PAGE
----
John Culbertson
Context Capital's John Culbertson

GW: The report says that only 11% of investors are looking to allocate to crypto strategies. Is that mostly family office and HNW money? Surely large investors won’t allocate until it’s more mature and until funds have a 3-year track record?

JC: If you look at that question from the perspective of family offices it’s actually closer to 25%; institutional money is in the single digits. Clearly, most of the appetite is coming from families because it’s going to be a long time until institutions embrace the asset class. One of the biggest institutional barriers is capacity. For an institution running billions of dollars in allocations, it doesn’t make much sense to allocate a few million to crypto because it doesn’t move the needle. Therefore, it’s going to be a while before those organisations get into crypto in a significant way.

GW: ESG is of course a hot topic, and in the report, 51% of investors said they are looking to allocate to ESG strategies in 2018. There are a few ESG specialist funds out there, but do you see this as becoming a strategy in its own right, or will hedge funds simply absorb this into their existing trades?

JC: ESG has come a long way in the last 5-7 years, but I think it will be difficult for a hedge fund firm to offer a standalone ESG fund. My intuition is that investors love to talk about it and love to have it as part of their goals, but if you look at hedge fund flows to ESG-specific strategies, it’s still small. However, I think that the idea of customising a strategy to consider ESG is happening and growing. There’s definitely more investor awareness of ESG and it’s becoming more obvious that these strategies don’t necessarily hurt performance, but instead may actually enhance performance.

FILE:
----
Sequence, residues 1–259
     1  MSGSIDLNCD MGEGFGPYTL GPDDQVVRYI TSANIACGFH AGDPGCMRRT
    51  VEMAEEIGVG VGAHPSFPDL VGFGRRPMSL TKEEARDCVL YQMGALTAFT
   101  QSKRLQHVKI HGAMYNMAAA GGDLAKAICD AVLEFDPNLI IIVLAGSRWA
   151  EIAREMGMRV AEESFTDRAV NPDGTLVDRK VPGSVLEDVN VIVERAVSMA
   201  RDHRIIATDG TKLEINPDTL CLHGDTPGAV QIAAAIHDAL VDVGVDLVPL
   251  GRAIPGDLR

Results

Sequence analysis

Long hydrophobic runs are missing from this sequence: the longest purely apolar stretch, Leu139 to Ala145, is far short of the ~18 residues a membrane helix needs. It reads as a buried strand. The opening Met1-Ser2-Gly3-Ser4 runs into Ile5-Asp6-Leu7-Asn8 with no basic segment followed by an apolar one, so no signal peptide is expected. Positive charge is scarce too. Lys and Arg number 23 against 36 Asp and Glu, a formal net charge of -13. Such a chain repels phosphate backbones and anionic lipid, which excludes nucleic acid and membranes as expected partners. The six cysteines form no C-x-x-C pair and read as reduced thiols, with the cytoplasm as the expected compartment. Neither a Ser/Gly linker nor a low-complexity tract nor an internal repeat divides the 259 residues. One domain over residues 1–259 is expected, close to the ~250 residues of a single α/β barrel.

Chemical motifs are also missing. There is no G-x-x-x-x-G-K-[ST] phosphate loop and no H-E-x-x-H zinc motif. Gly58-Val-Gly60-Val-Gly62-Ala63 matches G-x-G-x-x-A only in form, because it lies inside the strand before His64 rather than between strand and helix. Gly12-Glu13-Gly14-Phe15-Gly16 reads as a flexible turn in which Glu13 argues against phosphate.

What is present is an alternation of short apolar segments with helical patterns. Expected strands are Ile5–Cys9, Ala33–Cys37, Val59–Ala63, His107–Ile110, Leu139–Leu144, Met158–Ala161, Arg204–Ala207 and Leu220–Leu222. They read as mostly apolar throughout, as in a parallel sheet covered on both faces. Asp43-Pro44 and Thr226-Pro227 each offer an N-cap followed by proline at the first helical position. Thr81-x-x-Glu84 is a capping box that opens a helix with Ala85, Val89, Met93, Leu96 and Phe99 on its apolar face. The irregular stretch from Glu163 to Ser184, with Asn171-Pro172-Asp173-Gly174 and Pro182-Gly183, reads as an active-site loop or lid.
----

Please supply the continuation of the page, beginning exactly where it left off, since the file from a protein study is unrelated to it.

GW: The survey also found that 71% of respondents have not replaced their hedge fund exposure with quant smart beta strategies or algorithmic strategies. What’s driving that lack of adoption?

JC: I’m not convinced there is a performance edge by simply using AI on unstructured data; it’s a trend but it’s certainly not a panacea. There are certain markets and strategies where quant-focused trading works, but it’s important to remember that the investing environment has changed. Investment management is a highly competitive space, so of course the best and brightest are going to be looking at quant strategies. Sure, a few high-profile hedge funds have done well, but they have budgets of hundreds of millions of dollars that allow them to develop the necessary technology. For smaller firms who don’t have the same resources, it’s going to be tough to compete. Yes, 71% is a high number and my guess is that number will be lower next year because you can’t ignore the larger AI / big data trend, but at the same time investors can’t pin all of their hopes on algorithmic strategies. It’s much more nuanced than that.

Context Capital Partners provides alternative investment solutions to family offices and institutional investors. The firm will be hosting its inaugural Context Leadership Summit in Las Vegas, NV, May 8-11.